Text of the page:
What Your Brake Lights Indicator Means

Do you know what is the essential function of your car’s anti-lock braking sytem (ABS)? If the ABS light is on, do you ignore it until it starts to bug you enough before you let a auto technician take a look? Don’t ignore it hoping that the light will turn off on its own. Here’s a quick summary of what’s happening to your car when the following light flashes:ABS Brake Light Flashes
When the ABS brake light flashes, it indicates that there may be something wrong with the system and for you to check your ABS system right away. What is ABS exactly? It is a computerized controlled braking system designed to prevent the brakes from locking up and skidding when braking hard or when braking on wet or slick surfaces. This adds a significant margin of safety for everyday driving by preventing dangerous skids and allowing the driver to maintain steering control while trying to stop. When the light is on, it indicates that your vehicle’s onboard computer has disabled ABS. Though your brakes will still function, your ABS system will not.

Brake Warning Light Flashes
The brake warning light flashes to warn you that there is a problem with the hydraulic braking system. There are several conditions that could cause your brake warning light to flash.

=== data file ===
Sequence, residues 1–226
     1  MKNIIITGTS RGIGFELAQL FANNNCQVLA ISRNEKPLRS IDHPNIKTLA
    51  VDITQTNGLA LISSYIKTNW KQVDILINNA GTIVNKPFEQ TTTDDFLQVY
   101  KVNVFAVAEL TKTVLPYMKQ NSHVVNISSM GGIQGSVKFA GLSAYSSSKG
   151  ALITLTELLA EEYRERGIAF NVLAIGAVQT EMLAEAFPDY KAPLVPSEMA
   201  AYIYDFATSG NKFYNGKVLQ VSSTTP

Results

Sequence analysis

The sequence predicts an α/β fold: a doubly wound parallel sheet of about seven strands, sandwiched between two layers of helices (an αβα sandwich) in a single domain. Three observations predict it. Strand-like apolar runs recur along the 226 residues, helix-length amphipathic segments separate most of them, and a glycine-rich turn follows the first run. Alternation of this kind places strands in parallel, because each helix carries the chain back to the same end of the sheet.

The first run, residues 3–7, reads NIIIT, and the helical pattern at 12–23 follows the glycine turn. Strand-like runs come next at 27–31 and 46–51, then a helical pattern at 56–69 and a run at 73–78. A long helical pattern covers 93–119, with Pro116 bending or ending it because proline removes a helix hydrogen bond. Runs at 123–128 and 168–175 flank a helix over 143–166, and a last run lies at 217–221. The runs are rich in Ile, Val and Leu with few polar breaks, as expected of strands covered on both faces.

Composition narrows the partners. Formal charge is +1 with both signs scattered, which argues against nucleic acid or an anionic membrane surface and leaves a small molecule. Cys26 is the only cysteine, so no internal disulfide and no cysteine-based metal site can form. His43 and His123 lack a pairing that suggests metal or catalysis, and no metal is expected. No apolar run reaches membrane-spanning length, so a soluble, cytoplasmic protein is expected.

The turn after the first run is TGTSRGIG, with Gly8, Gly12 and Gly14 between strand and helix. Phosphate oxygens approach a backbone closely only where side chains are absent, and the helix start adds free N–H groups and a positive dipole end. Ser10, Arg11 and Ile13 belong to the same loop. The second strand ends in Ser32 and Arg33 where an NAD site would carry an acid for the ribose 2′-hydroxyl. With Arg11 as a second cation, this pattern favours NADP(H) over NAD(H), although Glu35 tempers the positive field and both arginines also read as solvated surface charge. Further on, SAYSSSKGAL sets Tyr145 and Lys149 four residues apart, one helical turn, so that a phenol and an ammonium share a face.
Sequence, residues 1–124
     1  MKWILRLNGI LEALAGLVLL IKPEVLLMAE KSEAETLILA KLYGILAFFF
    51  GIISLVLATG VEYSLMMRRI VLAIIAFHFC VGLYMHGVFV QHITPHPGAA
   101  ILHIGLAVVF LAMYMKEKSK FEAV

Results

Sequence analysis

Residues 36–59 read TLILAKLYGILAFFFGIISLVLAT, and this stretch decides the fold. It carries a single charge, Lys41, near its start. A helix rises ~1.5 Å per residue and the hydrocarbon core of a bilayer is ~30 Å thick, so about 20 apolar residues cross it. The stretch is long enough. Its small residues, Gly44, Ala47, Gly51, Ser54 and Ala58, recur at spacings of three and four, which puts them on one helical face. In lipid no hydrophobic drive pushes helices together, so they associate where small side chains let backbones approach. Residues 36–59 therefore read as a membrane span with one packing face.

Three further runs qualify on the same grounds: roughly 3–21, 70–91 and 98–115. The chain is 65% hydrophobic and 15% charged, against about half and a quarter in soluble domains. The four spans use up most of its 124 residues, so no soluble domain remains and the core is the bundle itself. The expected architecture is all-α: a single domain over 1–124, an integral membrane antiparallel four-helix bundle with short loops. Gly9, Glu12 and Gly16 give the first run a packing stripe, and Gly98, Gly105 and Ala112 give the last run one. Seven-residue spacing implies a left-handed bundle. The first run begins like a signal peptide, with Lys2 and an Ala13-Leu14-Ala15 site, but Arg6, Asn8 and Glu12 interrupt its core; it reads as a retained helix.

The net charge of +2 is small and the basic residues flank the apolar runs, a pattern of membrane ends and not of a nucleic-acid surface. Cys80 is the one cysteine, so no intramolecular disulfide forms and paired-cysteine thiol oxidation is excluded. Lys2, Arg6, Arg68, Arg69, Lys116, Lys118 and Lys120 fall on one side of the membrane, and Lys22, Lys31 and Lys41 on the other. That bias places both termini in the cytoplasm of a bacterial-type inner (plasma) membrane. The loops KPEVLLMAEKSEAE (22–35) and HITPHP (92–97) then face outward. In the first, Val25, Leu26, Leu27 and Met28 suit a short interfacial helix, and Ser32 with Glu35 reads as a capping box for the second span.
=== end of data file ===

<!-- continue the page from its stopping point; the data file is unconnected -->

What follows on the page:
1) Your emergency brake could be on.
2) Your car brake fluid level in the brake master cylinder is low. You can fix this probably at home with some brake fluid that you can purchase at an auto shop, or you can have your vehicle brought to an auto repair shop for servicing. There’s a line that indicates how much brake fluid is necessary to maintain properly functioning brakes. Make sure that the amount of fluid is between the low and max line.
3) A loss or imbalance of hydraulic pressure in the master cylinder.
4) A leak has occurred in your brake system. This problem should be addressed immediately.

You should never ignore these warning lights when they illuminate. Always have your brakes checked out if either the ABS or brake warning light. Remember, early detection not only saves you money but it can be potentially hazardous to drive your car if there is a failure on your braking system.